I always marvel at the way you;ve adapted to your life, no longer a stranger in a strange land. I think one of the two greatest gifts this life can give to us is that period of time, however briefly, in our lives when we experience ourselves in harmony with our world and the people in that world, when we love the world we live in and feel that world love us back.

    Garce
    - Oh! And thank you for the plug in ERWA parlor! XOXO

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  8. Lisabet, I love your practice of "holding" all your friends "in the light." (However, if you want to imagine me in my actual location, I live in the province of Saskatchewan, just east of Alberta.) Where I live is actually quite central and incredibly sunny all year round, although it is damn cold in the winter and damn hot in the summer, which is why even the most business-oriented, ungenerous government has to show compassion for the concrete and the asphalt, which tend to buckle and crack under the extremes of temperature.
    Despite cutbacks at the university where I teach, I still have access to an expense account which can be tapped for writing-related trips. So if a "Grip" reunion ever becomes possible, I wouldn't mind travelling. New England is no colder/snowier than I'm used to, though California is always appealing. :)

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    1. My apologies for my ignorant mistake, Jean. Just shows you how little we Americans know about Canada. I knew you're in Regina, and at first I was going to say Saskatchewan. But no, Edmondton is in Alberta. I should know that, since we have good friends who teach at the university there.

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  9. I'm in the Midwest near Chicago, and right now freezing my ass off, with 30 below zero wind chill. My royalties can't usually even buy me coffee, and the 3 p/t jobs I have barely bring in enough for me to buy groceries. Nothing gets saved for a rainy day, or for vacations. I'd love to attend an EPIC convention, but they have them in Texas usually, and during the school year. Too expensive, plus I'd be losing money by not working.

    I'd love to get together with all of you, but I fear it would be weird to meet "strangers" with whom I've shared so many inner thoughts and desires. Would we make idle chit-chat, or launch right into, "So what did you mean by saying you're an orgasm sponge?" LOL! And how would I explain to my husband, that these other men know intimate details about me that he thought only HE was aware of? We never take separate vacations. If I suggested one, he'd ask a whole lotta questions. I know he trusts me, but he does know a lot about what I was like before he made an "honest woman" out of me.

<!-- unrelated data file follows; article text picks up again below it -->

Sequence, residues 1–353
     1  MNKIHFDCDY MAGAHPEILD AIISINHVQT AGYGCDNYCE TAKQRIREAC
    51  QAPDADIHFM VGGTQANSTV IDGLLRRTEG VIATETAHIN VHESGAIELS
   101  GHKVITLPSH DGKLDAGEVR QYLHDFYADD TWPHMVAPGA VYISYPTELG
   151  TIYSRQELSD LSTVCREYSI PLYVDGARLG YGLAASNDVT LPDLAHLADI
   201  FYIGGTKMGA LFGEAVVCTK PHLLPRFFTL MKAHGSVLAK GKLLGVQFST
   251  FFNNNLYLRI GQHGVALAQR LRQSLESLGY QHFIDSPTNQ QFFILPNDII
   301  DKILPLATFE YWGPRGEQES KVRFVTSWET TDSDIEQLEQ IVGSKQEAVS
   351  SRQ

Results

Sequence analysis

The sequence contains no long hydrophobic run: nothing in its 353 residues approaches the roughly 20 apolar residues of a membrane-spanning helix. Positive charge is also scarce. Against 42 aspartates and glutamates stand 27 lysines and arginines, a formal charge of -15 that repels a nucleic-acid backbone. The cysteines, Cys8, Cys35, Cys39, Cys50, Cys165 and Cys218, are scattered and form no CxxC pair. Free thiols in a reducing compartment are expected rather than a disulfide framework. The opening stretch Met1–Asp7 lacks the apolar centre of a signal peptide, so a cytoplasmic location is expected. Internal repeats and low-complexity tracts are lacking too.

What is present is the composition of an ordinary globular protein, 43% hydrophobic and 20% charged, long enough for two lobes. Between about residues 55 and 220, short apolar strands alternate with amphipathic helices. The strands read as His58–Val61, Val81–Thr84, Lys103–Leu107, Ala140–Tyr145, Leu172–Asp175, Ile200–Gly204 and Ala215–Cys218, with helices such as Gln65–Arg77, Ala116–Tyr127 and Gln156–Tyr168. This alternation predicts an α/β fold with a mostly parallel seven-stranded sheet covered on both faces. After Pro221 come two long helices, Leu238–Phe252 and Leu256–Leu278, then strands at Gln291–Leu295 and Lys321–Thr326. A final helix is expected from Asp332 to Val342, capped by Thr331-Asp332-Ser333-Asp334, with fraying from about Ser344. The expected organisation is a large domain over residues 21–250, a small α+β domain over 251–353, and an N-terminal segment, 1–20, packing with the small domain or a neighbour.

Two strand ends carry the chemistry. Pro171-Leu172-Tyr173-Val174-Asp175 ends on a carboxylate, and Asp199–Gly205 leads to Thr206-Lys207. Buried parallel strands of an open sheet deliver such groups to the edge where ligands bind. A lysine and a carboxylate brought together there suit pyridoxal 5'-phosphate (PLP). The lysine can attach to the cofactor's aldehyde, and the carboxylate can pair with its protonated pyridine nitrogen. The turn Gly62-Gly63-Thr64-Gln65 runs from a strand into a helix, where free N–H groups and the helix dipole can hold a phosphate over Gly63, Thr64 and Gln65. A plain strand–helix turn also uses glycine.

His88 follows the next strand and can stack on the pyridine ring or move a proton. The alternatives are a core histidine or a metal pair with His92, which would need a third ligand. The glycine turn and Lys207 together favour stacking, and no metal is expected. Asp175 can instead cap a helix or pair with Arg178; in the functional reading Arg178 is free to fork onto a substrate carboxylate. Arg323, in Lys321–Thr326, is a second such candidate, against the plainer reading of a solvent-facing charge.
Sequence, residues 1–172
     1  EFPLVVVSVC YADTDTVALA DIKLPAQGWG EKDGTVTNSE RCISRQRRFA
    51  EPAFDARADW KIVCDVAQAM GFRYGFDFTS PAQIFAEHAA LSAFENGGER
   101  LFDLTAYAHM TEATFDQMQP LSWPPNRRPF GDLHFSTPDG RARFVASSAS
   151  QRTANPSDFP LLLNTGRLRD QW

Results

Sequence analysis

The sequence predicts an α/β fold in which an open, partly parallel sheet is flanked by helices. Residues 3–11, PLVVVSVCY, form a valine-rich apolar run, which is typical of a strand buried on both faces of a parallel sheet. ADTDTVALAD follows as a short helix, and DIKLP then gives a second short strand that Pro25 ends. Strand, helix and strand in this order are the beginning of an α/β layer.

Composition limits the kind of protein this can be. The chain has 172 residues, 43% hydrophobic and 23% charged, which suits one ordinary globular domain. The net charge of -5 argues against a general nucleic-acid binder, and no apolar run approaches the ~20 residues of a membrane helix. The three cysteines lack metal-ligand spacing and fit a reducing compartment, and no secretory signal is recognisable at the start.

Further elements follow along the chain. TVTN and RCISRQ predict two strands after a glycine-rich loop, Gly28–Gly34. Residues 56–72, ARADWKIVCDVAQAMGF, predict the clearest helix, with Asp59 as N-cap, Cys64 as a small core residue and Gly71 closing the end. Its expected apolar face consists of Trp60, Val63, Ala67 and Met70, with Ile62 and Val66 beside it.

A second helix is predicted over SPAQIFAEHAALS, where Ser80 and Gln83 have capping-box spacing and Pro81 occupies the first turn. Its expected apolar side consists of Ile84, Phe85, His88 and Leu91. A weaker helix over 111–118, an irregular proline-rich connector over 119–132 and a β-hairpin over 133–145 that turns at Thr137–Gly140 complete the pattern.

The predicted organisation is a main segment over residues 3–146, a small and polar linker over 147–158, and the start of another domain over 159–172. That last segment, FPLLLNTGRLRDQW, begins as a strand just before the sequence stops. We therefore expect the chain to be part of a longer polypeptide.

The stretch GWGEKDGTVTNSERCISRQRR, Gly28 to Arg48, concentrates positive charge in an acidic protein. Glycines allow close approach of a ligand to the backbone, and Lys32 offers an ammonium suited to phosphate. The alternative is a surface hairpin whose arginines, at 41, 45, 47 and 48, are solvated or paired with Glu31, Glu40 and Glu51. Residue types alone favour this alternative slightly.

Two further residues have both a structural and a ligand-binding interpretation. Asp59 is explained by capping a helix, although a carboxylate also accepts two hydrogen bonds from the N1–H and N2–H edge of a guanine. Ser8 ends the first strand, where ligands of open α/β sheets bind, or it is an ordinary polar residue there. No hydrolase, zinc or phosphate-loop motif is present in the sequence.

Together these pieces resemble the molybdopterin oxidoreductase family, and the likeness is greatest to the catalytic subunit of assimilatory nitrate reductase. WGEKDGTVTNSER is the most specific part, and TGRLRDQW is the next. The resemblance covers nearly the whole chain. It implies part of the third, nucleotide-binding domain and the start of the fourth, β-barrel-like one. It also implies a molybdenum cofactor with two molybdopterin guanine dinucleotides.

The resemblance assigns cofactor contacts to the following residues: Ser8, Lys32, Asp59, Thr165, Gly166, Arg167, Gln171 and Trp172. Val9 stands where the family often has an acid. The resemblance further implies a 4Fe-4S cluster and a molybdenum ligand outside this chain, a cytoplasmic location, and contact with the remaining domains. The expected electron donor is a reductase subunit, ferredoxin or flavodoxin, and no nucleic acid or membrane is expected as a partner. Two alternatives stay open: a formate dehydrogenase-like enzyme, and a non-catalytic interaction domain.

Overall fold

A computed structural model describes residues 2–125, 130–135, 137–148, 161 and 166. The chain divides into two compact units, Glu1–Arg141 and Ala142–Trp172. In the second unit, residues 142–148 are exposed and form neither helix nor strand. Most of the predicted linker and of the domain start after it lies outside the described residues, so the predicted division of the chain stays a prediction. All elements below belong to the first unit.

Alas, I think I'll have to remain your "virtual" friend, sharing naughty anecdotes as well as deeply-felt feelings, but hiding behind the anonymity of my on-line persona. But Lisabet, I'm honored that you include me in your prayers. Good Karma is always to be welcomed.

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    1. Hi, Fiona,

      From my experience, it's rarely awkward to meet folks in person that you know well online. I remember the first time I met RG - it was as if we'd been friends all our lives (and actually, I knew her less well then than I do now).

      However, I also respect your feelings about anonymity. Anyway, the party is likely to remain nothing but a pleasant fantasy - though I'm never going to say anything is impossible!

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  10. Okay it's settled then. My adopted home of Summer Haven ,Florida where both Ernest Hemmingway, and F. Scott Fitzgerald were frequent guests of the branch of the Mellon family who owned the land where my parents bought their retirement cottage.

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  11. Lisabet, this post is so lovely and touching. All of you at the Grip are dear friends to me as well. I would give a lot to meet you in person, and I carry you in my heart at all times. <3

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    1. Thank you, Annabeth. I hope that the next time I'm in the US we can do a mini-reunion.